Researchers at UC Davis Health and Albany Medical College have shown that the protein vascular endothelial growth factor A -- or VEGFA -- plays a major role in the inflammation and airway obstruction associated with asthma.
The finding, published online in the Journal of Allergy and Clinical Immunology, may eventually lead to new asthma treatments targeting VEGFA.
"VEGFA was very strongly upregulated in asthma patients and animals that receive stimulations that cause asthma," said Angela Haczku, UC Davis professor of pulmonary, critical care and sleep medicine and co-senior author on the paper. "This mediator can actually elicit the symptoms of asthma in the mouse model and, if you target it, you eliminate the asthma symptoms."
For many years, the Haczku lab has been collaborating closely with Qi Yang, co-senior author of the new study and assistant professor of immunology and microbial disease at Albany Medical College. The two teams previously found that group 2 innate lymphoid cells (ILC2s) help drive airway hyperresponsiveness, when lungs respond to allergens or toxic air pollutants such as ozone, and the process of a full-blown asthma attack begins.
Their next question was: What kinds of inflammatory molecules are ILC2s producing to generate this inflammation?
"We couldn't figure out what was actually causing the airway obstruction," Haczku said. "How do these innate lymphoid cells cause asthma?"
To answer this question, the researchers studied how a mouse model responded to a common allergen, Alternaria alternata. Within hours, immune cells had infiltrated the airways, generating inflammation. When the mice were treated with VEGFA inhibitor SU1498, however, both the immune response and the inflammation declined.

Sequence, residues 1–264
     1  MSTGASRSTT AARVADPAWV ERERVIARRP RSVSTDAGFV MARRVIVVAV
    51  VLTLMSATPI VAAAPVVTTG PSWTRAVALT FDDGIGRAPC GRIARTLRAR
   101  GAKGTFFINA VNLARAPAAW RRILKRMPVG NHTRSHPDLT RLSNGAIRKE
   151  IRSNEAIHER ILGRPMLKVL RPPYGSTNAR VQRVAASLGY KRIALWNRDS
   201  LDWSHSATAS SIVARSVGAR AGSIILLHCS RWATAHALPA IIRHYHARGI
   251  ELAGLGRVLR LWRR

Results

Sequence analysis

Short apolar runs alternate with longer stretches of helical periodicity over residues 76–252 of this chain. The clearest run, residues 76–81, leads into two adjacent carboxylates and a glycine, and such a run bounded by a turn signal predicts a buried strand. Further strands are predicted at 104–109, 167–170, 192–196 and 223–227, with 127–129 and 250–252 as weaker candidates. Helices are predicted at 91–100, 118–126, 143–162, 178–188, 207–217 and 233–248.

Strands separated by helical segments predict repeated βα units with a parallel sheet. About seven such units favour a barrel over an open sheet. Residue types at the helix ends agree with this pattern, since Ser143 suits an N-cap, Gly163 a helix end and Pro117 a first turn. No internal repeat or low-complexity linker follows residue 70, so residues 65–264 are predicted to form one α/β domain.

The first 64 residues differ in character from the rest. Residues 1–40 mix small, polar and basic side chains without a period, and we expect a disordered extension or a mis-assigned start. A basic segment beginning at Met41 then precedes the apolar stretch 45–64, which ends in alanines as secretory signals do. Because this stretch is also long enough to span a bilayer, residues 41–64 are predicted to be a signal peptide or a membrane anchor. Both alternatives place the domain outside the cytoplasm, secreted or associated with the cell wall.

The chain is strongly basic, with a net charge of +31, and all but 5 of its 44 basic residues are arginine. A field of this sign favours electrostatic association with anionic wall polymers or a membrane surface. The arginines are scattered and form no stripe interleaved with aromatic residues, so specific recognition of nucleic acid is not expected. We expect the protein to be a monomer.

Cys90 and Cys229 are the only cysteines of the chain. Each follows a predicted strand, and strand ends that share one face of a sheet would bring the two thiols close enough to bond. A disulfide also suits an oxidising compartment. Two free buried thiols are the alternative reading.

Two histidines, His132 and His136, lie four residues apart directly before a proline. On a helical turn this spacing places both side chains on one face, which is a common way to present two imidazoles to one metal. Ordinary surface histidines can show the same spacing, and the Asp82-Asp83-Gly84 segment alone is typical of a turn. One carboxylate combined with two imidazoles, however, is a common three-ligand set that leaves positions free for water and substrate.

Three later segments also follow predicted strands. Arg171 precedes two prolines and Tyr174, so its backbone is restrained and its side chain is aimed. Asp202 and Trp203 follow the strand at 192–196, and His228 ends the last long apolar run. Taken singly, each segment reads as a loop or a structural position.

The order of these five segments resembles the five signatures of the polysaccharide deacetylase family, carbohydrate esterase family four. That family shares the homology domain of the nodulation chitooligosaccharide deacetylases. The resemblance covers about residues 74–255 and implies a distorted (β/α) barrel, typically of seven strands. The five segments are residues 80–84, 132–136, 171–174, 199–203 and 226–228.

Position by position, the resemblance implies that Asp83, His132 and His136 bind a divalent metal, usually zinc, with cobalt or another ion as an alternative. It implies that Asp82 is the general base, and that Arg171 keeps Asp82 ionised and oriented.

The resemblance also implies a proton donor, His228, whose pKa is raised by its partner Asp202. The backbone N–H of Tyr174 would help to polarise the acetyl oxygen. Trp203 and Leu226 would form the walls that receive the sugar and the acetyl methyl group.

Further study showed that ILC2s are stimulated by interleukin-33, another inflammatory immune molecule, which also encouraged airway hyperresponsiveness and turned up VEGFA's cellular receptor, VEGFR2. Once again, treatment with SU1498 mitigated the reaction.
While VEGFA is best known for its activity in cancer and growing blood vessels to help feed hungry tumors, Yang and Haczku's research outlines its entirely different role in asthma. Illuminating this biology could eventually lead to new asthma treatments. In the past, glucocorticoid inhalers were the go-to treatment. More recently, monoclonal antibodies have been developed to hit more precise targets.
"Monoclonal antibodies can target very specific molecules rather than knocking out the entire immune system," Haczku said. "Some of these antibodies target cytokines that also mediate allergic symptoms and asthma. We hope that targeting VEGFA, or the VEGFA receptor, with such monoclonal antibodies would add to this armamentarium."
Still, the Haczku and Yang labs are not finished interrogating ILC2s, which could be significant in a variety of other lung conditions.
"These ILCs produce an influx of inflammatory neutrophils into the lungs, and we do not know exactly what mediates this cellular inflammation," Yang said. "These cells are very important in many diseases, including infections and pollutant-induced lung injury, which could be mediated by the inflammatory cells in the lungs."